Behavior-driven development: Five tips for keeping BDD projects on track

Many organizations are approaching software design in a new way, with one of the most popular being Behavior-driven development (BDD). Here are five tips to keep your BDD projects on track

Behavior-driven development is fast becoming a preferred method of software development for projects both large and small. John Smart, author of the book BDD in Action: Behavior-Driven Development for the Whole Software Lifecycle, offers a straightforward explanation of this technique. "BDD is an approach where you specify and design an application by describing its behavior from the outside." 

BDD is an approach where you specify and design an application by describing its behavior from the outside.

John Smart, author of Jenkins: The Definitive Guide

The benefits of behavior driven development are many. Here are just a few:

  1. The process itself is lean since there's no tolerance for gold-plating
  2. It's highly fluid and can evolve to meet emerging requirements
  3. It encourages good communication with stakeholders
  4. It helps ensure the delivery of a product that really works

This outside-in development method can require some changes in how software designers and developers think about projects. Here are five quick tips for getting BDD right.

  1. Determine the requirements by having stakeholders describe how they expect the system to behave. Agree on concrete examples of what this would look like in real life scenarios to flush out incorrect assumptions.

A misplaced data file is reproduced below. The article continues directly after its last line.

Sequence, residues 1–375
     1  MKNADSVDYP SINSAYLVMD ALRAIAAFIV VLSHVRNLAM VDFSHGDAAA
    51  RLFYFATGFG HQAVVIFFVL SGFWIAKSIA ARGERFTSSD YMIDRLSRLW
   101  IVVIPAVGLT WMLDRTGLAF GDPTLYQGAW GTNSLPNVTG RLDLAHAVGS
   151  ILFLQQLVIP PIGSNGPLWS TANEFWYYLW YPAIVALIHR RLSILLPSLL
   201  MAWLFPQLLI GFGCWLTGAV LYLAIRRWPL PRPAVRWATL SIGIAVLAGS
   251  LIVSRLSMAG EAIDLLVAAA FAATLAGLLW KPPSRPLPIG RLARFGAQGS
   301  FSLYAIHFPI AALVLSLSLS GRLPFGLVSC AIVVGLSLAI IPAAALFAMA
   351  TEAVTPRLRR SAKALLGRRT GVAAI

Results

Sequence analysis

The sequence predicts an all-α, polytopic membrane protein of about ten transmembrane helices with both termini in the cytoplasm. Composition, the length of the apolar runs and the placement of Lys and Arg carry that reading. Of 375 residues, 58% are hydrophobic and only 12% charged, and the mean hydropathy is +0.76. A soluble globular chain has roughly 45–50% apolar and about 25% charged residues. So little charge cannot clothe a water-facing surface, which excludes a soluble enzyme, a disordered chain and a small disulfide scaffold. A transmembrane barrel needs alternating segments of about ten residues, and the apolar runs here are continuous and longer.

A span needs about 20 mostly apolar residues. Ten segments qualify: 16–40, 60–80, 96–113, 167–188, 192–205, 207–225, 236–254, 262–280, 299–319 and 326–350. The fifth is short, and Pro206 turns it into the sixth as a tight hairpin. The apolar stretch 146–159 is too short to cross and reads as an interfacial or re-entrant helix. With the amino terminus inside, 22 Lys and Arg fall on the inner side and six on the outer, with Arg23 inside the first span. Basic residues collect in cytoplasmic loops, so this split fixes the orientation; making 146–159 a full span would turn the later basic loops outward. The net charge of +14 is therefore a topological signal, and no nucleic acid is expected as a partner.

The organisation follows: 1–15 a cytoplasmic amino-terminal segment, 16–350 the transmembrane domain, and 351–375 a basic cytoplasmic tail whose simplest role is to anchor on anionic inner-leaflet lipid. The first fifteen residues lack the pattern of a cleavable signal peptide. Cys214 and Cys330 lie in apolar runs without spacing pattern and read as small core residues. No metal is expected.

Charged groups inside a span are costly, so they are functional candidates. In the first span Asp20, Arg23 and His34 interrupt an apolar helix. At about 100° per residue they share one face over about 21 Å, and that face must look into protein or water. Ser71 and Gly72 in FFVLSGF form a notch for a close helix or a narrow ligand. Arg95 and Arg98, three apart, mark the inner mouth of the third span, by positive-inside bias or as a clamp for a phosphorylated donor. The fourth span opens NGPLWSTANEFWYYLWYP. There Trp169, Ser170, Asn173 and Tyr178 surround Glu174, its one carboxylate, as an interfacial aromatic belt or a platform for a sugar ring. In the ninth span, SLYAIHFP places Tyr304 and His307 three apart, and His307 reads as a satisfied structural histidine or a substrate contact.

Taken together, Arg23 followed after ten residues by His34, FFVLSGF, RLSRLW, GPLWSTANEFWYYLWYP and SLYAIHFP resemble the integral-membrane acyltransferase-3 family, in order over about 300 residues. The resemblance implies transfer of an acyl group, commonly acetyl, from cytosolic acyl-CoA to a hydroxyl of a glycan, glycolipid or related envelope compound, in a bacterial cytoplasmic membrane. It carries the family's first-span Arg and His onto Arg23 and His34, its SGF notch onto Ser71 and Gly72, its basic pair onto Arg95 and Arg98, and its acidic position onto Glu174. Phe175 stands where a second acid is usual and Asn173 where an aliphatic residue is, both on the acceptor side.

2. Turn the stakeholder's examples into acceptance criteria that define what is developed. Then, automate these acceptance criteria.
  3. Think of each layer of code as a client for another layer of code.  A class that calls another class should be defined by its desired behavior. Turn these requirements into unit tests that are also described in terms of behavior.
  4. Ensure everything that's built contributes to implementing the expected behavior. Nip any fluff in the bud so all resources are directed toward meeting acceptance criteria.
  5. Create a continuous feedback look from the business to automated tests and back to the business in the form of test reports. When possible, make sure these reports are based on the original examples so stakeholders can see their goals being met.

And with these tips in mind, you can put behavior-driven design in action yourself!

What is your experience like with BDD? Let us know.

This was last published in December 2014

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